What’s difficult is that there are systems in place--like the examples I mentioned above depict--in our country that benefit some while hurting others.
We are white and white passing people that don’t need to teach our children how to engage with police to diminish the chances of getting shot. We do not have to teach them how to walk on the street so as to not seem dangerous. White folks do not have to teach their children that they must work 3 times as hard to get half the chance that others have.

This is not a fiction, WW. I wish it was. This is the reality.

For a black person to be seen as smart, intelligent, accomplished, they have to work twice as hard or more to be seen half as worthy as a mediocre white politician, for example.
Much the same way that women have to work harder than men to be taken seriously. I have seen this in my own places of employment. A man may be half as good at a job as a woman, and yet he will be taken more seriously. As a culture and a society, we take white male with more weight and seriousness than we do women or people of color.

I understand how you mention your family’s immigrant experience and I appreciate and understand that. What I read implies that black folks are complaining, getting handouts, and have little work ethic. I would challenge you to consider what gives you that impression.
Unlike other immigrants who, as you mentioned, also struggled when they first arrived in this country, brown and black folks didn’t have access to loans from banks, or to get elected into office without fear of being lynched. Upward mobility for white immigrants was accessible and made acceptable. Meanwhile, in 2017, we still have to applaud “the first Black…” X or “the first Latina …” We don’t have to say that for Irish Americans because they’ve been doing it for centuries.

You also mention slavery. Yes, slavery ended in 1860 with the Civil War. I get that. However, the Civil Rights movement happened in the 1960s because black folks were still treated as second class citizens. That is in our lifetimes. And those things were not magically erased after the Civil Rights movement. The unfair treatment of black folks continues. So, yes, while slavery is over and no one alive today was likely a slave at any point, they are often still subjects to unnecessary, unfair violence, unjust systems that keep them down--with limited access to education, continually in a system that feeds prisons.
So, no, no one is blaming you or saying you did any of these horrible, bad things. However, as a nation, we are all complicit in the fact that systems of oppression continue. And you are blessed that you have not had to be aware of them.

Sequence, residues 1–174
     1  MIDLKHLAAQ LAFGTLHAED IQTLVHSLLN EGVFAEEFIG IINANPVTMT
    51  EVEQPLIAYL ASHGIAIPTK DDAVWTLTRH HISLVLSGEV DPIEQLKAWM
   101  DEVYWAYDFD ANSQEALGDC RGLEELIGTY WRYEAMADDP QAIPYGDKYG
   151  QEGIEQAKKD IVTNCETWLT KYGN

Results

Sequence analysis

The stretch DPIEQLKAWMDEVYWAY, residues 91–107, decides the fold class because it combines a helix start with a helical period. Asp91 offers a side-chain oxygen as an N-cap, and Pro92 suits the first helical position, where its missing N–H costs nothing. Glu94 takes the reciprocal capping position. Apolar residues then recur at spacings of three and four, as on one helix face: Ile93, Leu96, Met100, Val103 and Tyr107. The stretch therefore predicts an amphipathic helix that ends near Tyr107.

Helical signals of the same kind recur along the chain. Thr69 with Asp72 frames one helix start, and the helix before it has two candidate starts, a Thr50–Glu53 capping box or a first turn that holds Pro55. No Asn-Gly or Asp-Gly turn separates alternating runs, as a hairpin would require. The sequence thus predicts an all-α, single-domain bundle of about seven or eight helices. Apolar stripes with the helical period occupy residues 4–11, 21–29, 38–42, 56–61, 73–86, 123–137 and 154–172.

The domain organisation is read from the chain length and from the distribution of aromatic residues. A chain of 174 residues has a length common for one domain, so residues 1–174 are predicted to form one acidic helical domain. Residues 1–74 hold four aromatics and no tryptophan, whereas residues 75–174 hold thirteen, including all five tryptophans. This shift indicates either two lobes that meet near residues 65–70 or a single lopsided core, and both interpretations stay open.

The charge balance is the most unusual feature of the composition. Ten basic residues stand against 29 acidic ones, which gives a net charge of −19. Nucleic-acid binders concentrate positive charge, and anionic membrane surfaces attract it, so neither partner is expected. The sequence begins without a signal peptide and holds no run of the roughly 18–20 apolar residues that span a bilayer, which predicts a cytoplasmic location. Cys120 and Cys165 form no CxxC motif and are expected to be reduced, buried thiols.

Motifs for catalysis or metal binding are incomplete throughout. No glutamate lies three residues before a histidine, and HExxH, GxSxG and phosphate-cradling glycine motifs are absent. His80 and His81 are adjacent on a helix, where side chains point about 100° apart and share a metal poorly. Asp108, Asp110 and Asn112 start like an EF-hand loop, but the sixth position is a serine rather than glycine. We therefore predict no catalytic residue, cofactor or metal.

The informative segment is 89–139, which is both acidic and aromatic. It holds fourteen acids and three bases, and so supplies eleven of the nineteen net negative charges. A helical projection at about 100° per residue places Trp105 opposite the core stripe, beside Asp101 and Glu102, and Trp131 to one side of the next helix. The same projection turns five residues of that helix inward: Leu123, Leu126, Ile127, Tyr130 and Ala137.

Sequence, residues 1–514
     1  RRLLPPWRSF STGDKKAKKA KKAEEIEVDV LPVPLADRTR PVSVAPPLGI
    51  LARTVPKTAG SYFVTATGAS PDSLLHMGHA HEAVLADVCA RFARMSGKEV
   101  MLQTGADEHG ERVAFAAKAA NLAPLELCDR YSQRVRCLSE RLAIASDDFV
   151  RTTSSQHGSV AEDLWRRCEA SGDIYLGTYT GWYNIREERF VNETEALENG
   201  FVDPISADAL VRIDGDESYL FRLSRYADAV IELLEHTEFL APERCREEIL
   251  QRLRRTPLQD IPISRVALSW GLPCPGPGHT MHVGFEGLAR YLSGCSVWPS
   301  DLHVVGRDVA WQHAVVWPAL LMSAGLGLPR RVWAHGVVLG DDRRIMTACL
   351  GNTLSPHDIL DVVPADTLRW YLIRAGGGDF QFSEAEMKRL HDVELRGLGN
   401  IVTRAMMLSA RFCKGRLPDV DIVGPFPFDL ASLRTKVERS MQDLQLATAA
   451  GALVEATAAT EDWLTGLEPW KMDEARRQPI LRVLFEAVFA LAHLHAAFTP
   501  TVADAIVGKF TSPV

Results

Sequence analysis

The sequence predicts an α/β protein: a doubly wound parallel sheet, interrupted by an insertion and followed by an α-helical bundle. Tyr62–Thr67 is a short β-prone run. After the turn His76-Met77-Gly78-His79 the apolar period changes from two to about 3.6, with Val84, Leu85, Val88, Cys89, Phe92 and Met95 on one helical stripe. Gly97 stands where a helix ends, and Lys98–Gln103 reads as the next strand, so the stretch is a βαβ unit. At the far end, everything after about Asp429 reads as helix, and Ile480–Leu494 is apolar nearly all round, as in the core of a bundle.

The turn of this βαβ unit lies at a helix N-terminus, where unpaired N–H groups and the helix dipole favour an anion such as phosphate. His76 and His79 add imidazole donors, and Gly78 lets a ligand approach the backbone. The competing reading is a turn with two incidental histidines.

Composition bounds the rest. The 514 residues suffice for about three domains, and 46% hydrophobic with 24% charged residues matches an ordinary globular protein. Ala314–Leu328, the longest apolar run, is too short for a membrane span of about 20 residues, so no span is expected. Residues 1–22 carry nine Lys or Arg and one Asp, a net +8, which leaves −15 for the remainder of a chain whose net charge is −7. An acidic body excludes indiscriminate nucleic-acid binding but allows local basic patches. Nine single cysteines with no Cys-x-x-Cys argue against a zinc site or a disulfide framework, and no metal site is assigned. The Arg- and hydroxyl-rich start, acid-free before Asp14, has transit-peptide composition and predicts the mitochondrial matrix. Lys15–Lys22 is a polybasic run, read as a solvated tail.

I would like to point out that your language towards the end was painful… and for various different reasons.
Black folks --many-- did not choose to be here. But this is the country that chose them--in fact, it bought, sold, raped, and killed them. I wonder how we would feel if we could trace our lineage to a mother that was raped by a slave-owner, or a father that was left to rot from a tree.

And despite that history, they LOVE this country. And this is their country, too. They do not have to leave. But it is our freedom as Americans that we can criticize it because in that critique, we are moving us toward betterment. WW, this is our country. The black, brown, poor, middle class, rich, educated, homeless--ALL of it. We get to love it and critique it and constantly improve it.
I hope that just because you see I am constantly critical of what I find to be morally wrong does not mean then that I, too, should leave. I love living in the United States and being an American citizen and getting to make this country even better. That is why I do stay.

Just because this country has done some good in the world doesn’t mean we don’t get to criticize it when it’s failing some of its citizens. (As a sidenote, especially because some of that good as been as a way to make amends of the messes we have created in other nations through our uninvited involvement. My home country of Chile is a prime example of this).

I am sorry that you felt so offended by my post. And given what seems to be clearly different standpoints, I expect that may continue to happen. But in a way I am glad it did in this case because it has opened up the opportunity both for you to express this frustration, and for me to explain this perspective.

I hope you were able to remain open to it and receive this. 

Thank you and have a wonderful weekend,



This was a lot. It was a lot to write, and I am grateful for a couple of friends who encouraged, supported, and gave me constructed feedback as I drafted this. This was emotional and mental labor. It was important, but I can't lie that I've been a little emotionally tapped out from writing it. 

I don't have the answers. I don't know how we fix the discrepancy between folks' different world views. Well, I do--it takes communicating and helping folks see each others' humanity. I just don't know how easily accessible that task is for us. 
So I continue to fight the battles. I choose them carefully before engaging them. But I also know the spaces where I can make a difference are sometimes small. It's all I've got to work on.
So I share it here with you in the hopes that this can serve you, too, as you try to take on the work of dismantling white supremacy, toxic masculinity, and patriarchical values that keeps us down and divided.